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The Culture War over the Ground Zero mosque

It’s hard to know who’s worse in the NYC mosque debate: the opportunistic, anti-Muslim right or the Muslim-loving, masses-fearing liberals.

Read my spiked article in full here.

4 Responses to “The Culture War over the Ground Zero mosque” Leave a reply ›

  • I wonder if the Russians would allow the Muslims to build a mosque to celebrate their other great victory of recent years, the child-rape razzia and massacre at Beslan?

    They could even have especially phallic minarets on the site of the school to symbolize the Muslims' favorite weapon of Jihad.

  • I'm just puzzled about all these "moderate Muslims" to whom you refer. Can you name 5 prominent "moderate Muslims" in the U.S. who have taken to the airwaves & the MSM to denounce Islamic terrorism?

  • I notice your condemnation of calling opponents of the community center is tactical, not principled. We're calling it like we see it. Imputing collective guilt to all Muslims for the 9-11 attacks is bigoted, period. The only reason to feel aggrieved at the construction of the center is if you believe that all Muslims have an affinity for what happened today. That's what has been so disappointing from a liberal point of view: we were told we lived in a pluralistic society that endeavored both by custom and by law to allow for people outside the mainstream to follow fulfilling lives. Clearly, popular support for such a culture is vastly weaker than any of us thought prior to the controversy. That Muslims have now been withdrawn that social sanction should make the rest of us who don't happen to be the majority in race, religion, sexual orientation, or ideology afraid.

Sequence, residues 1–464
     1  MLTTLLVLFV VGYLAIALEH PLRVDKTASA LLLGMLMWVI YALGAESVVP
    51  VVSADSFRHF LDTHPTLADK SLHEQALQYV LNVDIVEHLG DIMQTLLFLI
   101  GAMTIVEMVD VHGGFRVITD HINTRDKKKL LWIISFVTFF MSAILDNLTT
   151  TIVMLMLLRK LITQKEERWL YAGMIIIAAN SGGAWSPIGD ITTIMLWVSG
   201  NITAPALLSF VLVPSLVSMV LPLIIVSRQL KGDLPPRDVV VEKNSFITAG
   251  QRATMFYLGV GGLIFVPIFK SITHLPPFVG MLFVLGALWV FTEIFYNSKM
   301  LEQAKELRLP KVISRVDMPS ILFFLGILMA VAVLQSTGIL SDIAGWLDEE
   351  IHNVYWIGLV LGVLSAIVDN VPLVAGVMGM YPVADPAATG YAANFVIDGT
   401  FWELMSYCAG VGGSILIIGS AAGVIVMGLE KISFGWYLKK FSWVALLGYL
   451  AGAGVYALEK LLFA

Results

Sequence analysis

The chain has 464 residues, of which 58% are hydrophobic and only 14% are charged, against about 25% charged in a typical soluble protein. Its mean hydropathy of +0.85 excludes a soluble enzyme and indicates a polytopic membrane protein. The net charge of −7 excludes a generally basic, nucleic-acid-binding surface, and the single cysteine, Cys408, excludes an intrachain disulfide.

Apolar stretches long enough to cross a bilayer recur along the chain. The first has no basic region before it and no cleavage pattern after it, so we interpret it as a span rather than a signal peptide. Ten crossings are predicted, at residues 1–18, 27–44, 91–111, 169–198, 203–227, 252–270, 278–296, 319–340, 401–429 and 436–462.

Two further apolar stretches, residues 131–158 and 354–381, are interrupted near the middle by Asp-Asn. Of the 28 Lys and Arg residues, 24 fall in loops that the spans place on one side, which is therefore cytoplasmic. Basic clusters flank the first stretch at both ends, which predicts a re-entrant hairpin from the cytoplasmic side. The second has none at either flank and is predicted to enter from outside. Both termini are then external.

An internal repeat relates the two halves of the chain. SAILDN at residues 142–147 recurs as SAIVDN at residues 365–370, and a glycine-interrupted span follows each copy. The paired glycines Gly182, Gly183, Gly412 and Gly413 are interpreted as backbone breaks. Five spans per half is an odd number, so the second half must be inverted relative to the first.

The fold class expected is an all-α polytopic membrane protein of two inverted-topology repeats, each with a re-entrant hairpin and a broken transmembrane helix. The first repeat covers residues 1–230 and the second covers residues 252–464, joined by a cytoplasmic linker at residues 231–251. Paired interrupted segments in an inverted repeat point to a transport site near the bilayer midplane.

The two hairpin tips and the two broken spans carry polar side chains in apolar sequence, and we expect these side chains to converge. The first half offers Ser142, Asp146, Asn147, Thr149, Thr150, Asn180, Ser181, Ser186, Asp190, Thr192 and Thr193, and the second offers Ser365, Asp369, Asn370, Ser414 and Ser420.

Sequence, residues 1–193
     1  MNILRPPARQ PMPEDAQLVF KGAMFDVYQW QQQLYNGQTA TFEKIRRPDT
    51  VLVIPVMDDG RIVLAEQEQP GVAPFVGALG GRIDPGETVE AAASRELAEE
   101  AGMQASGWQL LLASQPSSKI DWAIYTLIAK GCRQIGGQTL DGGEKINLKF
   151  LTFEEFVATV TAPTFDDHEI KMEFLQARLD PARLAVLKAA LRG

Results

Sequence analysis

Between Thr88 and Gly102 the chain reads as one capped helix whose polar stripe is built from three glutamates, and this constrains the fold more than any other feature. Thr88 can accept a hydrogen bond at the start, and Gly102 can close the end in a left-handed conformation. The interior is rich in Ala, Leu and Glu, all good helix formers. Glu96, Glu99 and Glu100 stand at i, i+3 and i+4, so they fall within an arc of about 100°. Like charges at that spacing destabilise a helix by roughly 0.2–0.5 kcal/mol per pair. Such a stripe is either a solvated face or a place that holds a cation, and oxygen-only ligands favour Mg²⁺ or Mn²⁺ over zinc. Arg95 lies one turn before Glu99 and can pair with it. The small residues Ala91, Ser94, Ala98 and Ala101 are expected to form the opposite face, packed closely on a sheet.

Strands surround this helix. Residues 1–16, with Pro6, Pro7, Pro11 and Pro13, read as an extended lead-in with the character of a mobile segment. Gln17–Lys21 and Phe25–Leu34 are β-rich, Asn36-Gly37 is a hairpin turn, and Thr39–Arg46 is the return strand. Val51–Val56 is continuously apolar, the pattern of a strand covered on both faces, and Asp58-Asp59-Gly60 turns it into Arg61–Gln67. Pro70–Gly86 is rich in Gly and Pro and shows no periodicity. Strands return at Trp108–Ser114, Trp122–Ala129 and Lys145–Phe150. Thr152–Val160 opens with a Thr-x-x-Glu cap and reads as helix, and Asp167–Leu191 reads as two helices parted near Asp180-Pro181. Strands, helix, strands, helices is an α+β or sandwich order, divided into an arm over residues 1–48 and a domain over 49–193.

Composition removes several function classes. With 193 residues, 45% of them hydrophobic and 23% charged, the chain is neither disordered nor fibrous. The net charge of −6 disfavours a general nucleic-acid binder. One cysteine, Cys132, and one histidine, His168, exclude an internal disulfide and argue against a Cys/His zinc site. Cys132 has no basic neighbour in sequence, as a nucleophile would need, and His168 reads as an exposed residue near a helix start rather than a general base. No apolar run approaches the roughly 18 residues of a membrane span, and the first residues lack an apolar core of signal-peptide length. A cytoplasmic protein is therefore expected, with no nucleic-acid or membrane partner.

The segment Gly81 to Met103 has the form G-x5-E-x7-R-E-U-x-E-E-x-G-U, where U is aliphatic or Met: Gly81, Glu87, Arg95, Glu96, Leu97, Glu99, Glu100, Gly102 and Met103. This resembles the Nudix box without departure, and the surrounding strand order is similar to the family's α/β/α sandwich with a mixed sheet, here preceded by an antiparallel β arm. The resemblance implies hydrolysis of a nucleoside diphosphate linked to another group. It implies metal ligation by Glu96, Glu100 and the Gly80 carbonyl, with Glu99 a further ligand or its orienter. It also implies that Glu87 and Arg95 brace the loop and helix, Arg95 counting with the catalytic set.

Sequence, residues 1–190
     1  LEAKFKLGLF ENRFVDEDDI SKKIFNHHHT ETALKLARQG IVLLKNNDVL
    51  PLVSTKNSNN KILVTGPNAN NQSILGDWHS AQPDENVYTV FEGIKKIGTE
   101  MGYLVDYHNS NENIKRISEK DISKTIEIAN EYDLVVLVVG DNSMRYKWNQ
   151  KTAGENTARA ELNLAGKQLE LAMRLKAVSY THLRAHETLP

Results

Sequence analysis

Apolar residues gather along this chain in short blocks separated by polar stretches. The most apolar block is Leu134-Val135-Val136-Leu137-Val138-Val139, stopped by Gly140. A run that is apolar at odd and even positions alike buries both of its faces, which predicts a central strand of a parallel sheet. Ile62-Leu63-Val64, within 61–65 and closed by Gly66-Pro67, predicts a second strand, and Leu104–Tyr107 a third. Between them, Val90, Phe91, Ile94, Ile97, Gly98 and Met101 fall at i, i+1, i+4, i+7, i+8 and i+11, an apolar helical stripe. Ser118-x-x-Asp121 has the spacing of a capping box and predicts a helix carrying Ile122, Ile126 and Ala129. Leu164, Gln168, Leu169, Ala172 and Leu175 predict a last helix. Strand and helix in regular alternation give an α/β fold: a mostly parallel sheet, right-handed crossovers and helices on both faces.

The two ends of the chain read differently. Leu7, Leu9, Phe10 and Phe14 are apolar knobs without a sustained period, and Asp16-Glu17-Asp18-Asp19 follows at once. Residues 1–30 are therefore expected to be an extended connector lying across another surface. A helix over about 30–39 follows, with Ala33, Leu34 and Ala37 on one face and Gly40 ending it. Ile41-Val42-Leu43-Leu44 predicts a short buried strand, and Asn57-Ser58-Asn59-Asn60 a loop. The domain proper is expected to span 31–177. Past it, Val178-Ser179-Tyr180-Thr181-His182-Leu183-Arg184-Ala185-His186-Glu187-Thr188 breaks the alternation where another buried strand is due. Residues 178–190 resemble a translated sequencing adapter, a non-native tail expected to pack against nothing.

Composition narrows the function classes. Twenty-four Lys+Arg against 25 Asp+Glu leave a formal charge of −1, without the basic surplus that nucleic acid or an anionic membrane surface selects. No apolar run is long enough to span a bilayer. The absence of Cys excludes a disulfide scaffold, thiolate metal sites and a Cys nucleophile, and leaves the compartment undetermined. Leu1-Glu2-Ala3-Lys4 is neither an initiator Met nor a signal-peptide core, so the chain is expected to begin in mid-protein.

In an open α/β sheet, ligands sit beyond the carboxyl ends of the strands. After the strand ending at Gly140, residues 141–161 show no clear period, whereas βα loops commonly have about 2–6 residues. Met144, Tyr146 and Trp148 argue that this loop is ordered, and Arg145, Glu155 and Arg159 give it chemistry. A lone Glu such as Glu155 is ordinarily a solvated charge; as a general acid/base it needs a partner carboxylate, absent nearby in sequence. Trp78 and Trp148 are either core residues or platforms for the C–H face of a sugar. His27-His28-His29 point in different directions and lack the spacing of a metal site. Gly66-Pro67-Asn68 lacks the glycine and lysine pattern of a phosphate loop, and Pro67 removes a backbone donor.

In other words: see the two posts above me.

  • Gorgias - It is wrong that essentially all Muslims are getting blamed for 9/11 in this dispute, and it's the main reason I gave for arguing against the campaign to have Park 51 moved. But I don't think all opponents are driven by outright bigotry, especially when both parties have held up the 9/11 site as "sacred", and many opponents would say it's ok to have mosques elsewhere, just not near Ground Zero. I also think the likelihood of changing someone's mind is low if you call them a bigot - it ends up sounding like name-calling.

    Arshan - most Muslims in the US were just as appalled by 9/11 as other Americans

    Trencherbone - I don't see the relevance

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